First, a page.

Risk classes to consider in a psychosocial risk assessment

18/05/21 

En las empresas existen condiciones de trabajo y de la organización del mismo, que pueden perjudicar a la salud de los trabajadores, que son conocidos como riesgos psicosociales. La exposición a dichos riesgos de naturaleza psicosocial pueden ser los causantes de problemas de salud como por ejemplo ansiedad, estrés, depresión, úlcera de estómago, dolor de espalda y contracturas.

The evaluation of psychosocial factors is a tool whose main objective is to provide information that allows the psychosocial diagnosis of a company or partial areas of it, in order to be able to establish improvement actions appropriate to the risks detected and the environment in which they must be carried out.

Psychosocial risks are fundamental for all sizes of business and in all business sectors: administration, industry, construction, services, etc.

The study of organizational and psychosocial aspects and their relationship to occupational health is not new, although the importance and recognition it has acquired in recent years.

In some companies and in some positions psychosocial risks are mostly the most characteristic and important risks that must be assessed and considered where appropriate when planning and adopting preventive measures.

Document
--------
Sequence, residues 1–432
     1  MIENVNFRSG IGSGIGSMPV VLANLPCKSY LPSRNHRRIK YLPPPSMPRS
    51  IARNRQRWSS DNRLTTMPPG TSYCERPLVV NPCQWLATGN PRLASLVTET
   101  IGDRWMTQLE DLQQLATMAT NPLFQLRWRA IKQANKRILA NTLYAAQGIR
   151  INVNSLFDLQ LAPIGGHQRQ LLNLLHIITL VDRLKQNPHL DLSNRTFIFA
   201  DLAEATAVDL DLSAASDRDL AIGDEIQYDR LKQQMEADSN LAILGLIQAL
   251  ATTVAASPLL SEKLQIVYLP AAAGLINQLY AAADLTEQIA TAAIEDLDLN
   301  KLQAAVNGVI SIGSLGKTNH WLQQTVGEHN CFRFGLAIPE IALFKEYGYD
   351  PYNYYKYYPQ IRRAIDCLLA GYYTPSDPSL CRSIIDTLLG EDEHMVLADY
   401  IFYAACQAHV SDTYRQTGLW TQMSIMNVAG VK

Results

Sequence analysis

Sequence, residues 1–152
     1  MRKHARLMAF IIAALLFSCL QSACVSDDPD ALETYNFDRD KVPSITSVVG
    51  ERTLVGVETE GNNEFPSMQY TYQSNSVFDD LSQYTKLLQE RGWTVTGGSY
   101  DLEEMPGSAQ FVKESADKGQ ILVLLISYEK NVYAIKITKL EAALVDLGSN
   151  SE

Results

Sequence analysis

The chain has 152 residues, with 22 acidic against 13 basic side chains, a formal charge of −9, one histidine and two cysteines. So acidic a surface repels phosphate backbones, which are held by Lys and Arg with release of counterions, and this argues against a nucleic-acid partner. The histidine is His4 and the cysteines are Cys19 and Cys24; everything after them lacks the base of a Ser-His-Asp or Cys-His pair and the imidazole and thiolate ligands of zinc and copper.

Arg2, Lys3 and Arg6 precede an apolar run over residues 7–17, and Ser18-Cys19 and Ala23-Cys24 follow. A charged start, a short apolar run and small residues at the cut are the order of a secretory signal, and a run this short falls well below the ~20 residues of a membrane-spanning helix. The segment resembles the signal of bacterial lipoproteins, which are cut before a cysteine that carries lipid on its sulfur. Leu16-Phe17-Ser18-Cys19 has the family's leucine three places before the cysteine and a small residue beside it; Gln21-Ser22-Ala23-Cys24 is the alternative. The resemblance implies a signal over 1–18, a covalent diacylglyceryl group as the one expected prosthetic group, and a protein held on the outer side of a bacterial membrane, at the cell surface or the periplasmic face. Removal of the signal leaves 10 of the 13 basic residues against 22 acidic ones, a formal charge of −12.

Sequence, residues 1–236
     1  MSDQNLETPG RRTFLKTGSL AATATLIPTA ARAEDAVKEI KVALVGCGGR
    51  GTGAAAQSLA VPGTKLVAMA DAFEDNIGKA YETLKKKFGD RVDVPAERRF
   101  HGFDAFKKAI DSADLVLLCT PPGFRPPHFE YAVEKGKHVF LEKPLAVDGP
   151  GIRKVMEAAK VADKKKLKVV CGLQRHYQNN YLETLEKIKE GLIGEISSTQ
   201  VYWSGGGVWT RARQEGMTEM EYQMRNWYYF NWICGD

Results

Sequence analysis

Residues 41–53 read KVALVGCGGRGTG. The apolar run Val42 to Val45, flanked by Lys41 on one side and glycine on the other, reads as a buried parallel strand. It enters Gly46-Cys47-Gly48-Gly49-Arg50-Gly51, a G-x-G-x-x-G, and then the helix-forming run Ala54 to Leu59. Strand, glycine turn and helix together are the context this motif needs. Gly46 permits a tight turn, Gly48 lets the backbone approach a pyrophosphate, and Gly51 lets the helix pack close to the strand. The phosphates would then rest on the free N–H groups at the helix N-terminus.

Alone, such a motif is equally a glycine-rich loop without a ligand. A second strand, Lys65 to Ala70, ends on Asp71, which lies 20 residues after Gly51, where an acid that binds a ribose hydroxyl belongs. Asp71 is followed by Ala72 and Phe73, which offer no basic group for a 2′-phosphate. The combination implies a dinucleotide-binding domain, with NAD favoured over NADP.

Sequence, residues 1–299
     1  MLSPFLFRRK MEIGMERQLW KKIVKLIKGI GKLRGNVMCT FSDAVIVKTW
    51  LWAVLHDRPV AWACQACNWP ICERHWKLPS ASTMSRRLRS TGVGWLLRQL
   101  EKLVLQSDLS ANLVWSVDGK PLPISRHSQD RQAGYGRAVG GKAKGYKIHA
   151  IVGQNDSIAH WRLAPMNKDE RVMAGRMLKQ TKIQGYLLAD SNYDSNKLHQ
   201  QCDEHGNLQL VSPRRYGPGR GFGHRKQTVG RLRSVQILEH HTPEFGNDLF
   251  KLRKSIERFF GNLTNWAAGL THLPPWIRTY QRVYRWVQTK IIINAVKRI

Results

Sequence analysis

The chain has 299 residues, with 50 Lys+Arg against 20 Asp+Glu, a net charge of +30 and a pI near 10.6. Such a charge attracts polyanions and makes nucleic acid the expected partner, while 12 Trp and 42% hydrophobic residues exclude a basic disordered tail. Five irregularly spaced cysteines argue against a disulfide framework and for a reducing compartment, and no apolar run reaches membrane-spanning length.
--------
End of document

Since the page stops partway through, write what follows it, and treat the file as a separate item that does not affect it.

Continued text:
Both traditionally considered risks and psychosocial risks should be included in the risk assessment process, taking into account how important confidentiality is.

When taking questionnaires on the psychosocial risks described, it is important that they are oriented to prevention, using the results obtained to implement improvements in the organization of work. For this reason, the participation of prevention technicians, managers, workers, and all the actors involved is essential during the evaluation process and the planning of preventive activities.

Psychosocial risks can be classified by different criteria into different large groups. For example, and in the spirit of being exhaustive, depending on their origin, they can be classified into three large groups:

  • the group of risks related to the overall organization of work (consider communication, participation, turnicity, leadership style or technological changes)

  • those relating to the specific tasks of each worker (for example, such as autonomy, attention, role definition, task content, job training, or time pressure)

  • those relating to employees' social interactions (for example, personal and work relationships between employees and relationships between employees and relevant persons outside the company such as customers or suppliers.